Design problems plague Port of Anchorage expansion

Despite an additional appropriation in the recently approved capital budget, reports of failed designs continue to plague the more than $750 million Port of Anchorage expansion project.

By Kirsten Adams

June 7, 2010

Despite an additional appropriation in the recently approved capital budget, reports of failed designs continue to plague the more than $750 million Port of Anchorage expansion project.

The project would use an open cell sheet pile design to add 130 acres of dock space to the Port. However, a former Port employee believes the design is incompatible with the silty conditions in Cook Inlet, causing damage to newly installed docks and millions of extra dollars in sub-contractor costs.

“The mud is so tough and requires extensive pounding to get in; and that’s what caused most of the damage,” said the former employee, who asked to remain anonymous. “They couldn’t backfill, and when they could backfill it was moving. They could actually see the dock face moving.” 

The design, created by Dennis Nottingham of PND Engineers in 1980, uses steel sheet pile membranes to create cells to support the dock face. The cells are designed to be supported by anchors embedded in the soil and by the soil itself, but the silty Inlet conditions continue to hamper the process.

Integrated Concepts and Research Corporation, the project management contractor for the expansion project, hired construction company QAP to install more than $95 million worth of open cells sheet pilings. When some of the pilings began to shift, however, QAP was removed from the project and reimbursed $80 million for the work it partially completed. ICRC re-opened bidding on the project, including re-installation of the moving pilings.

“Beginning last fall, they (Port management) had started negotiations on how to get QAP out of there, there were attorneys involved,” the former employee said. “It’s been an issue for a while; there are a whole bunch of problems.”

Diana Carlson, Project Principal for ICRC, said bidding is open to complete the work begun by QAP. When selected, the new contractor would install the remaining 11 steel cell pilings as well as re-install the 11 moving pilings partially completed by QAP, and the bid solicitation estimates the cost at more than $50 million.

“A follow-on contractor will loosen that steel this season, re-template into pile driving support systems, and complete the installation in accordance with the required rules and regulations, in addition to performing other duties planned for 2010,” wrote Carlson via email.

The recent cell piling movement is not the first hint of design flaws, however. Independent analysis of the structure from as early as 2002 noted potential risks with using the proposed design with this construction site.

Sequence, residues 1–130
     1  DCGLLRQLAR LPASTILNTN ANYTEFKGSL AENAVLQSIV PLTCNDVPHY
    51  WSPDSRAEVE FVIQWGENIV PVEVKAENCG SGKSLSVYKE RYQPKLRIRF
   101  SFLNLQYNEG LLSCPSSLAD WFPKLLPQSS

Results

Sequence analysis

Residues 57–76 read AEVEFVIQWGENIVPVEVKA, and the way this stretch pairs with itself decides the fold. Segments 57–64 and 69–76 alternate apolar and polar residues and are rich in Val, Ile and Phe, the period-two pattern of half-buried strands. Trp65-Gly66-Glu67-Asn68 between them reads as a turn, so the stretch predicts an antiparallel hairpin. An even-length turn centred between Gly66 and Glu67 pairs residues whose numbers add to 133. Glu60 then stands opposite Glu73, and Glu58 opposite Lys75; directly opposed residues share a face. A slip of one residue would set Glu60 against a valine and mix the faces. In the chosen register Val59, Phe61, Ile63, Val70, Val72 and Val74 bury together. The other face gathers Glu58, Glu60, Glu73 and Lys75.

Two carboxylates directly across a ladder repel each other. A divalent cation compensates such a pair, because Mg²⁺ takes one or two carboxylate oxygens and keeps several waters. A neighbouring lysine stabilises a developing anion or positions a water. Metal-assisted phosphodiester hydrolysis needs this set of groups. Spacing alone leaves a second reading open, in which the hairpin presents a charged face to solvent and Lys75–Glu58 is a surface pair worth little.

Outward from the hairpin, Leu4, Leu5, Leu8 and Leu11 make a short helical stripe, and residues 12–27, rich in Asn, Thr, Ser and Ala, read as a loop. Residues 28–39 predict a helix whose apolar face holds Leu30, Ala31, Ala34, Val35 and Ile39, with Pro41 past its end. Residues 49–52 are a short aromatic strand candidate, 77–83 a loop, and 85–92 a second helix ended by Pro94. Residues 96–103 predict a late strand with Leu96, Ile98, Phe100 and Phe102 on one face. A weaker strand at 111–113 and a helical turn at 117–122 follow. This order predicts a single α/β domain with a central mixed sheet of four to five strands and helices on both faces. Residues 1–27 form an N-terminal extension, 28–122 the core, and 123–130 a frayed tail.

A geotechnical review authored by engineering firm Lachel & Associates revealed the proposed open cell piling design fell far below acceptable safety standards and predicted “global cell failure” because of the sliding soil of the inlet.

A U.S. Army Corps of Engineers file on the expansion project included information from the American Society of Civil Engineers detailing the pitfalls of the open cell sheet pile design as well as several independent analyses listing potential problems associated with the design.

While the file reached no conclusions about a preferred design alternative, an email between an environmental group, the Corps and the U.S. Maritime Administration suggested the design was chosen for economic reasons.

“From the start of this process, MARAD has presumed the open cell sheet pile design to be the preferred alternative, and has disregarded federal agencies and other experts who have questioned the safety and other aspects of this design,” wrote Bob Shavelson, Executive Director of Cook Inlet Keepers, in early 2006. “Additionally, various engineers have drawn into question the safety and stability of the proposed sheet pile design during anticipated seismic events.”

“While MARAD may certainly weight the economic implications when deciding what alternatives are practicable, it cannot flatly ignore expert opinions contradicting MARAD’s preferred approach.”

Construction on the project continues. The budget, originally estimated at almost $400 million, has grown to more than $750 million. On Thursday, Governor Sean Parnell approved another $20 million appropriation for Port construction.

ICRC did not respond to questions regarding the design and representatives from QAP did not respond to emails or phone calls.

“I can’t talk, we’re on a bid,” Carlson said.

Kirsten Adams is an investigative reporter with the Alaska Watchdog. She can be reached at